There's no telling how many races and championships Blaine Johnson would have won had his life not been cut short in a crash at the 1996 U.S. Nationals. Seven championships and 53 NHRA national event victories -- the sum of his ...
There's no telling how many races and championships Blaine Johnson would have won had his life not been cut short in a crash at the 1996 U.S. Nationals. Seven championships and 53 NHRA national event victories -- the sum of his career numbers and those of Gary Scelzi since Scelzi took over the wheel of the Johnson family's Top Fuel dragster -- seems a reasonable total. Not just anyone could have accomplished what Scelzi has in the last four years -- even if he or she was strapped into drag racing's quickest car, as Scelzi has been -- but Blaine Johnson wasn't just anyone. At 26, he won the second national event he entered, the 1988 Gatornationals, with his and brother Alan's Olds-powered Alcohol Dragster. He also won his second-to-last start in an Alcohol Dragster, the 1993 Chief Nationals, where he defeated the current king of the class, Rick Santos, in the final. The Johnsons won championships in each of their last four years on alcohol (1990-1993), and at the time of Blaine's tragic death on Aug. 31, 1996, he was still that category's most prolific winner, with 26 NHRA titles - even though he hadn't raced an alcohol car in three years. The record held until last season, when it finally was eclipsed by Santos. By the summer of 1988, halfway through his first season of driving, Johnson was entrenched as one of the leading figures in Alcohol Dragster. He won the inaugural California Nationals in Sonoma, just up the coast from his lifelong hometown of Santa Maria, Calif., and was runner-up a week later to Bruce McDowell in Seattle. Johnson, brother Alan, and their father, Everett, who had been drag racing since the 1950s, won all of their national event finals in 1989 except the Mile-High Nationals in Denver, where - for some reason - Blaine never won. He reached the final there in almost every year of his career (1989, 1990, 1991, 1993, 1995, and 1996), but lost six times in six tries. In his first appearance on the mountain, Blaine was runner-up to a driver making his national event debut, Cory McClenathan; in his last trip, in Top Fuel in 1996, he was in the other lane for Eddie Hill's last national win. Johnson concluded the 1980s by winning the 1989 Winston Finals over Mike Kosky and opened the 1990s by winning the 1990 Winternationals over Steve Faria. He was unstoppable in 1990, appearing in the final round of five of the year's first six national events and winning four. He later won in Sonoma, where he always performed well, and again in Pomona, where he was even better. 1991 yielded more of the same: seven national event victories in 10 finals, another championship, and his only U.S. Nationals win. In 1992, the Johnsons won five nationals in seven finals, and in 1993 took another four. Having indisputably conquered alcohol racing with their four consecutive championships, the Johnsons turned Pro in 1994, but surprisingly failed to qualify in five of their first six outings. Blaine won his first round on fuel over the driver he enjoyed beating most, Kenny Bernstein, at the 1994 Springnationals, and by the start of the following season he was a regular in the late rounds. Johnson was runner-up to rookie Larry Dixon at the 1995 Gatornationals and also finished second that year in Richmond, Denver, and Dallas. On the final day of the 1995 season, in the last round of the Winston Finals against Dixon - who by then had won four national events and the previous day's Big Bud Shootout - Johnson won his first Top Fuel title with the quickest run of his career, a 4.68. In 1996, Johnson opened with a Winternationals victory, then smoked the tires in the Gatornationals final but scored anyway when Scott Kalitta refused to accept that his front end wasn't returning to earth after a and flew into a blowover before half-track. Johnson was running away with the Winston championship in just his third year in Top Fuel, just as he had six years earlier in Alcohol Dragster. He claimed his 30th and final national event win at the Autolite Nationals in Sonoma, where he trounced Bernstein in the final, 4.67 to 5.00, and won his last round three weeks later in the Brainerd quarterfinals. Thirteen days later, on a U.S. Nationals qualifying attempt opposite McClenathan, Johnson's engine expired at the conclusion of a 309-mph pass, and shrapnel from the explosion pierced both rear tires and tore off the wing, rendering him a passenger. He hit a turnout in the left-lane guardrail at an angle, then hit the right guardrail. Johnson, 34, died of his injuries, becoming the first fatality at an NHRA national event since 1986. Fittingly, Johnson's final pass was a track-record run, 4.61. He also was the Top Fuel national record holder at the time of his death with a 4.592 second effort. NHRA's Top 50 Drivers will be unveiled on NHRA.com and through the pages of National DRAGSTER, in reverse order throughout the 2001 season, with a schedule leading up to the naming of the top driver at the Automobile Club of Southern California NHRA Finals at Pomona Raceway on Nov. 11. As NHRA celebrates its 50th anniversary in 2001, it has emerged as one of the most popular spectator sports, highlighted by a $50 million, 24-event, nationally televised tour. The NHRA has developed into the world's largest motorsports sanctioning body, with more than 80,000 members nationwide, and more than 140 member tracks. -30-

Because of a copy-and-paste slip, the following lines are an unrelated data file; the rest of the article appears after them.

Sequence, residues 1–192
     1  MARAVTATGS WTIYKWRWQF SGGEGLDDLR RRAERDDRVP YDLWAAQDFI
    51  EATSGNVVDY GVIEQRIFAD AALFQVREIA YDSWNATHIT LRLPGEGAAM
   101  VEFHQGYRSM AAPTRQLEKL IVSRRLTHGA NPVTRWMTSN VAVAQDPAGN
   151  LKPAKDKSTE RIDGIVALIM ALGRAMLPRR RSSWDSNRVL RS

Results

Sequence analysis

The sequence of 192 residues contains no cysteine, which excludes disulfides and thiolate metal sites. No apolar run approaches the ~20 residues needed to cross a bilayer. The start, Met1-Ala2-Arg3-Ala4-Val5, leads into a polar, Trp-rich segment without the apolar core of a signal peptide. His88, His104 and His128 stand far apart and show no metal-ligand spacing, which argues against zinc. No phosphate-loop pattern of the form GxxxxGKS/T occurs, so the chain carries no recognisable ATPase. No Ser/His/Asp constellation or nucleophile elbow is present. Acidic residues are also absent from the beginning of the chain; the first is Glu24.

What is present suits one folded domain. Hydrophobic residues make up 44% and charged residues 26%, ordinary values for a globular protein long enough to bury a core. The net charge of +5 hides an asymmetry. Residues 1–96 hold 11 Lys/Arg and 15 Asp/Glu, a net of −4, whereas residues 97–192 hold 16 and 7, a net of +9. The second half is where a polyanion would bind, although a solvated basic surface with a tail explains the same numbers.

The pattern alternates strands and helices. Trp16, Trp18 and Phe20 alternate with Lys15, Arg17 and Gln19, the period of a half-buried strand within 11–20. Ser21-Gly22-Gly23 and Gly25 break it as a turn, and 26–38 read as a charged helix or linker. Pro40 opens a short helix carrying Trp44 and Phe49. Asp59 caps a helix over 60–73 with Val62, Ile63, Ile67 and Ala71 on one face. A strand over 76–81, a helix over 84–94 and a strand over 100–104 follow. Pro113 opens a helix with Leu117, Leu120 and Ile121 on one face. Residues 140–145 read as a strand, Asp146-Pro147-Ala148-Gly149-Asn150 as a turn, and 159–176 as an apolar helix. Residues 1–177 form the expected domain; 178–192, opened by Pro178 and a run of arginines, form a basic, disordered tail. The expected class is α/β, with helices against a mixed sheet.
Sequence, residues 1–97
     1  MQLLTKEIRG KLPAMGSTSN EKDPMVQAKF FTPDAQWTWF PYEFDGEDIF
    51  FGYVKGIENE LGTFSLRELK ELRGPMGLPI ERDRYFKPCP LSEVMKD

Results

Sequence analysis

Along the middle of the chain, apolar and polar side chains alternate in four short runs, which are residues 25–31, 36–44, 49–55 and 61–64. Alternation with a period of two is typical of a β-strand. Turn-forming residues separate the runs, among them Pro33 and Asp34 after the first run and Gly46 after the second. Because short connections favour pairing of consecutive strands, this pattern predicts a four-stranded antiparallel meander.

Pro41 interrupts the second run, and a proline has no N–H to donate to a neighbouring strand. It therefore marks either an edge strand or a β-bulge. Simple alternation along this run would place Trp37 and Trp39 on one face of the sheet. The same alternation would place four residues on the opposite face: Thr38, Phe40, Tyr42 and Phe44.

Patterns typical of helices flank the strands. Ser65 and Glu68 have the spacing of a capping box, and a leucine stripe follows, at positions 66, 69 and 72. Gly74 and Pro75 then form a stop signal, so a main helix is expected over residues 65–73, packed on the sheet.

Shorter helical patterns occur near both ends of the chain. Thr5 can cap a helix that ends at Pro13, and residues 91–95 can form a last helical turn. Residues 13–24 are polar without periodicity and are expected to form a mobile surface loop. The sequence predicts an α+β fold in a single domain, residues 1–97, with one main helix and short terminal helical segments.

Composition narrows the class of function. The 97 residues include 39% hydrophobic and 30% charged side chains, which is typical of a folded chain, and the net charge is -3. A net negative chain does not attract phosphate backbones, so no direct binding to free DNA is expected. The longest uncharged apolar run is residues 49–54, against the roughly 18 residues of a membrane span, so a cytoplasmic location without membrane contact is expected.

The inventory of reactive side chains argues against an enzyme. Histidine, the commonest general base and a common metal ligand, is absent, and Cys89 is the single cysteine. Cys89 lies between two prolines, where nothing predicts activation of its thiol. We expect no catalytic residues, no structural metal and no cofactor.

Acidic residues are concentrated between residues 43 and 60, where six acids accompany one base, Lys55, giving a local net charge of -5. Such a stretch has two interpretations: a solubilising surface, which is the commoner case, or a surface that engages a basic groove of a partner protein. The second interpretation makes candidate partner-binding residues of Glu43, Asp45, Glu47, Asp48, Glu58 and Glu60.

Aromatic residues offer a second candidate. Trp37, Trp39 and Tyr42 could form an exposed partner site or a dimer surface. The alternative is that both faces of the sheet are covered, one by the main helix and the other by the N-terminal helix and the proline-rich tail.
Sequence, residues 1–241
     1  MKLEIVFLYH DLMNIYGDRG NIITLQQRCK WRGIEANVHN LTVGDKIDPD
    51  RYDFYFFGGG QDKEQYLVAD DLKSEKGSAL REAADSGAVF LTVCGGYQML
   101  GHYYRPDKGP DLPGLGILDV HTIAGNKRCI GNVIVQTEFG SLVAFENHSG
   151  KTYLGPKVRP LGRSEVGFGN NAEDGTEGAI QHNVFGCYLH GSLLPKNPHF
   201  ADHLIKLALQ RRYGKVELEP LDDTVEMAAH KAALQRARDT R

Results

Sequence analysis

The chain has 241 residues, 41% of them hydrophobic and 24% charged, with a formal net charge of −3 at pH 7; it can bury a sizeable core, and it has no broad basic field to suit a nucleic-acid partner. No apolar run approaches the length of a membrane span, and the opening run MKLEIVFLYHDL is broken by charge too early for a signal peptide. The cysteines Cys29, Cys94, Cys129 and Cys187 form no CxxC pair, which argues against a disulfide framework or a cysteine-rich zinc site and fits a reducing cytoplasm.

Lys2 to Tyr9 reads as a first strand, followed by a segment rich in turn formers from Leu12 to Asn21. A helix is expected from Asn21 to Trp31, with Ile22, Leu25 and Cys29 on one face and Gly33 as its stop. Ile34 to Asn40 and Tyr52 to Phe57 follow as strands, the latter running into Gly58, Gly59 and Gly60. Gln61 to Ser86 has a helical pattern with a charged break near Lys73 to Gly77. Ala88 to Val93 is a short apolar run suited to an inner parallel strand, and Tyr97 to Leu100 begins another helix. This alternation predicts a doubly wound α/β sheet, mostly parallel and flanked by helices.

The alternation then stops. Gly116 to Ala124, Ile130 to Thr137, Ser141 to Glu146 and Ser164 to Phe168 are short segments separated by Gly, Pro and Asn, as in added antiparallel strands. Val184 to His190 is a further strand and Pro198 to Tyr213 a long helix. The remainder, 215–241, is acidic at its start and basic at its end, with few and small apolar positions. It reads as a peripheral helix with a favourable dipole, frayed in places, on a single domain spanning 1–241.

<pre> NHRA's 50 GREATEST DRIVERS 50. Elmer Trett 49. Richard Tharp 48. Malcolm Durham 47. Billy Meyer 46. Ken Veney 45. Scotty Richardson 44. Dave Schultz 43. Frank Hawley 42. David Rampy 41. John Mulligan 40. Frank Manzo 39. Danny Ongais 38. James Warren 37. Edmond Richardson 36. Blaine Johnson